Charlie Morton generated some buzz in the spring, and I was part of the buzzing crowd. A little over a month into the season, I checked back in on Morton and remained high on him. Still, I wasn’t quite high enough on him. Heading into his final start of the regular season tonight, ESPN’s player rater has him ranked as SP29. The 33-year-old hurler is having a career year, and the reinvention that he teased in an injury-abbreviated 2016 in four starts turned out to be a precursor of his big 2017 season.
The righty’s fastball velocity gains stuck from 2016 (94.3 mph average velocity) to this year (94.9 mph average velocity), and he’s retained that velocity through the season averaging 94.3 mph with his fastball in his last start. The extra sharp cheddar isn’t the only carryover from last year. After sporting a 7.7% SwStr% from 2008 through 2015 with a single-season high of 8.1% in 2013, he blew hitters away with a 12.3% SwStr%. He hasn’t maintained a SwStr% north of 12%, but he’s sitting at 11.0% on the nose this year, above the league average of 10.4%, and tied for 24th highest among starters who’ve pitched a minimum of 140 innings. His splitter, fourseamer, cutter and curveball have double-digit SwStr% at 11.1%, 11.4%, 12.1% and 17.9%, respectively. Morton’s curve is an elite swing-and-miss offering with a 43.12% Whf/Sw that’s 11th highest out of 106 starting pitchers’ curves thrown a minimum of 200 times, according t Baseball Prospectus. His sinker isn’t a bat-missing pitch, but it serves its purpose with a robust 56.2% GB%, and his splitter (50.0% GB%) and curve (54.0% GB%) both do a great job of coaxing worm burners, too.
The 33-year-old righty has been death on left-handed batters this year holding them to a .264 OBP, .291 SLG and .247 wOBA. Righties have had more success against him with a .350 OBP, .470 SLG and .351 wOBA. That sure looks like a shortcoming that could use remedying, but it appears Morton’s already made big strides in same-handed matchups. In April, he might as well have put the ball on a tee for right-handed batters coughing up a .403 OBP, .651 SLG, .439 wOBA and 46.2% Hard% with a paltry 15.4% Soft%. Since the calendar flipped to May, he’s held right-handed batters to a .336 OBP, .419 SLG, .327 wOBA, 20.6% Hard% and 27.9% Soft%. Despite the excellent batted-ball profile, he’s had some poor luck with a .319 BABIP since May. There could be some room for further growth.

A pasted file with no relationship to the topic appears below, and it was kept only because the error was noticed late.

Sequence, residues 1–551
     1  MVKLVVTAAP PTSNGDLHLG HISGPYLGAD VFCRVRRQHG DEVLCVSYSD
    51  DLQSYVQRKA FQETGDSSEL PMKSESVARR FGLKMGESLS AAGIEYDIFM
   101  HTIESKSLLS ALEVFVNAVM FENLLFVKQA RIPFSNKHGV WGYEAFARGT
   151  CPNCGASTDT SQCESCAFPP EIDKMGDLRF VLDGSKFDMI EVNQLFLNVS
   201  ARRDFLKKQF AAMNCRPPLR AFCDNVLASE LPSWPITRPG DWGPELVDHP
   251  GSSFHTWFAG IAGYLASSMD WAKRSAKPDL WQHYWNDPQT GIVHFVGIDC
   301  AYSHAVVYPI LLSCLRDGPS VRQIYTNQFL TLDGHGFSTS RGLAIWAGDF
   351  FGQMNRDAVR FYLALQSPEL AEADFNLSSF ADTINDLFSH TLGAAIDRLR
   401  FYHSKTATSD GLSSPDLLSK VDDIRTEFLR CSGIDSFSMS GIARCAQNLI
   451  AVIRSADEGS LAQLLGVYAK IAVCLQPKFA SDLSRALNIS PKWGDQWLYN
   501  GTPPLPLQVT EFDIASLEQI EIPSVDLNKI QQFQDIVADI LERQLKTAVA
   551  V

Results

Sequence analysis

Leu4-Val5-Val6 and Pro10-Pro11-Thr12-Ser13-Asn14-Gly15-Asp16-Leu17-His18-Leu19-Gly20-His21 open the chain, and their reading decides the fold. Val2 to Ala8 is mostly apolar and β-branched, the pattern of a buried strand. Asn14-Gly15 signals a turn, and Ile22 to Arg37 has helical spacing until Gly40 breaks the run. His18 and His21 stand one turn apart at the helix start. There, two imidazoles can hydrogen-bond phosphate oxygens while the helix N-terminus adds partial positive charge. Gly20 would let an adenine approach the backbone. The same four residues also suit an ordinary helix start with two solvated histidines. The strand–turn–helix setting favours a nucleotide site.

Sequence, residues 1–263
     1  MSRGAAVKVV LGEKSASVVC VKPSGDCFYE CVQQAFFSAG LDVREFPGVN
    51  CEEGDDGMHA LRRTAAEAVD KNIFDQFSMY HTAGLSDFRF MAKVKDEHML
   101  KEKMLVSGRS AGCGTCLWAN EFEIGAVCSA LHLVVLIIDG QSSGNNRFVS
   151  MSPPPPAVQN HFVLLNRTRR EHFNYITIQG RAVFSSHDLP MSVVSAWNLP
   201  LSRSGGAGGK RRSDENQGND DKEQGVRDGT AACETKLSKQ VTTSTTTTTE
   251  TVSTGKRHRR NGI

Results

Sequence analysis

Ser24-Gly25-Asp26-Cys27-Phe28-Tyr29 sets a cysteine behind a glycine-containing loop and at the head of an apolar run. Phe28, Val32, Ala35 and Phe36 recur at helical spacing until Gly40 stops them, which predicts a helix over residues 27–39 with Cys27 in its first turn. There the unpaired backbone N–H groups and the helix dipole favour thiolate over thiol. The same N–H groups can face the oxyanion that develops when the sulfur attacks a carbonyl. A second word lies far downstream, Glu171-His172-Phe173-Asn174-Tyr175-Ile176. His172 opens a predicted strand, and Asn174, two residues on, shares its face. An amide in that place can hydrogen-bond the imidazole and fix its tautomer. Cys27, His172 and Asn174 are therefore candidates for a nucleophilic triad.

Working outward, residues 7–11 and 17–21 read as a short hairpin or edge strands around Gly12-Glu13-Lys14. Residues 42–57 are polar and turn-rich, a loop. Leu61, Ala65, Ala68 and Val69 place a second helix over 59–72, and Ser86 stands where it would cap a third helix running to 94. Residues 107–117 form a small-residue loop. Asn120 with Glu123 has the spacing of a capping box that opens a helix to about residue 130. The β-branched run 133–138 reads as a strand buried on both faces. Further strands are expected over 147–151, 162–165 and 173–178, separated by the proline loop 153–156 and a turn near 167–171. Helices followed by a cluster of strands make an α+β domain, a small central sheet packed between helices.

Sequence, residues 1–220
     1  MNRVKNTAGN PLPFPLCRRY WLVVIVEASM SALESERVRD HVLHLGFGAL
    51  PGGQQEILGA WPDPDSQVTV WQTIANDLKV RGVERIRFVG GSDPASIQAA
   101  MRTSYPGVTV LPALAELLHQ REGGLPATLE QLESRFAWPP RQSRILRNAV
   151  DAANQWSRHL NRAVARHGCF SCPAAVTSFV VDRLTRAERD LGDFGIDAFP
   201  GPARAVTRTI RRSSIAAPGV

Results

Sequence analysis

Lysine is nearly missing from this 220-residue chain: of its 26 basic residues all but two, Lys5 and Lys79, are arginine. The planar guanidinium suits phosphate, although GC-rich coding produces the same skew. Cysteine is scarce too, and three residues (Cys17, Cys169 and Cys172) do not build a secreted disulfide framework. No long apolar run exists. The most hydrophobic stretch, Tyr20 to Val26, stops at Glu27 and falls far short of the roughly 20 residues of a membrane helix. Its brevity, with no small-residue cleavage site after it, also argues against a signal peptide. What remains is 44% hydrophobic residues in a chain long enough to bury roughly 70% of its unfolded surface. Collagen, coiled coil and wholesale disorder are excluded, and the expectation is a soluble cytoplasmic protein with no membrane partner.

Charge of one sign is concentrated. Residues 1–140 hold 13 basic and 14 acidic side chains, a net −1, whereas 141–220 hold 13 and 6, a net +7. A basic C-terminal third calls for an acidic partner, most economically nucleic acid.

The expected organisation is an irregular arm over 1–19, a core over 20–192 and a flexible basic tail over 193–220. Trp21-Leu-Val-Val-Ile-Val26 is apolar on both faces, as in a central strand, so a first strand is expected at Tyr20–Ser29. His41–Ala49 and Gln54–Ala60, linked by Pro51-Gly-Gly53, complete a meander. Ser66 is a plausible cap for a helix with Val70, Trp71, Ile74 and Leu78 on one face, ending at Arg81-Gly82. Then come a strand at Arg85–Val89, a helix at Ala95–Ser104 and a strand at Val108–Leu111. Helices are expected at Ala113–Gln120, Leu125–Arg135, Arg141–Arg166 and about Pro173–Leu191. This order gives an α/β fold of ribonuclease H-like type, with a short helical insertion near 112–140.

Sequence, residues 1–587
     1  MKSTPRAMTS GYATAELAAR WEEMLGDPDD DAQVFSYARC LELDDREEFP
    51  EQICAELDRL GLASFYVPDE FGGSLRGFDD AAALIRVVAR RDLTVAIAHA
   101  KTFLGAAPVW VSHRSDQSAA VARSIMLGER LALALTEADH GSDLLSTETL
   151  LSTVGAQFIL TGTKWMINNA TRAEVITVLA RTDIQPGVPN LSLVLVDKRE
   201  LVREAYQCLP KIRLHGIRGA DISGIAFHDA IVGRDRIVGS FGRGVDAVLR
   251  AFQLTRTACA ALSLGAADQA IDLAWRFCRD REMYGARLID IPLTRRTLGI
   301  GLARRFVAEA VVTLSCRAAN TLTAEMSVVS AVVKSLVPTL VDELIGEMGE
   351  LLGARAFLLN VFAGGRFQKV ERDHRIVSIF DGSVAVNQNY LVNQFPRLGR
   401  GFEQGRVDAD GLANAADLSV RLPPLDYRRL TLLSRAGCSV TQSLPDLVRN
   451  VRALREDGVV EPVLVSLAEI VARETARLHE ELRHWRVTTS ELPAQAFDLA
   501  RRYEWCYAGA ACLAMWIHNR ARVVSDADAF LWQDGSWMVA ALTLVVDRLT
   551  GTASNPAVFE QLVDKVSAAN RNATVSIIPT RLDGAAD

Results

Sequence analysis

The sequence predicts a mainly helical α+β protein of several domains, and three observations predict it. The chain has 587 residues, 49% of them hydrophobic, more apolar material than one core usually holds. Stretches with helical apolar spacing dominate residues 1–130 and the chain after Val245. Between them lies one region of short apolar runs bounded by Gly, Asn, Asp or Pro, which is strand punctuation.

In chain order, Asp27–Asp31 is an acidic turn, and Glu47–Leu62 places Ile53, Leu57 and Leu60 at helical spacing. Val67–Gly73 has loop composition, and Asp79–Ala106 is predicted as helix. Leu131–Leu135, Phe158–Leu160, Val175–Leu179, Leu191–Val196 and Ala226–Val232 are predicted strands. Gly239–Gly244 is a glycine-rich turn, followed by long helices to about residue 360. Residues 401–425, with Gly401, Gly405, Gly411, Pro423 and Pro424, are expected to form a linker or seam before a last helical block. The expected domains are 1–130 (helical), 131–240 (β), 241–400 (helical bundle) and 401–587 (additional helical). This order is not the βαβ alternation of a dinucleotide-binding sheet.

Speaking of growth, he’ll be making his 25th start in the majors this year tonight, and he added three starts spanning 10.1 innings while working his way back from a disabled list stint, giving him a solid foundation to build upon next year after pitching only 17.1 innings in 2016. Furthermore, Morton’s shown in-season growth between halves. In the first half, he spun a 3.82 ERA (4.11 FIP, 3.74 xFIP and 3.98 SIERA), 1.34 WHIP, 9.2% BB%, 24.9% K%, 10.0% SwStr% and 50.6% GB% in 11 starts and 63.2 innings. He’s made sizable gains with a 3.48 ERA (3.05 FIP, 3.50 xFIP and 3.53 SIERA), 1.11 WHIP, 7.7% BB%, 28.1% K%, 11.9% SwStr% and 52.0% GB% in 13 starts totaling 77.2 innings in the second half. He obviously won’t be able to be had as cheaply in 2018 as he was entering this year, but I’ll gladly buy him as an SP3 with SP2 upside. The righty’s failure to ever hit the 200-inning threshold in his career is the only thing holding me back from fully endorsing him as an SP2. Regardless, the quality of work is high, and with bullpens being used the way they are in today’s game, fewer than 20 pitchers will hit the 200-inning plateau this year. It will be the second year in a row that’s the case after only 15 hit the 200-inning mark in 2016.
You can follow Josh on Twitter @bchad50.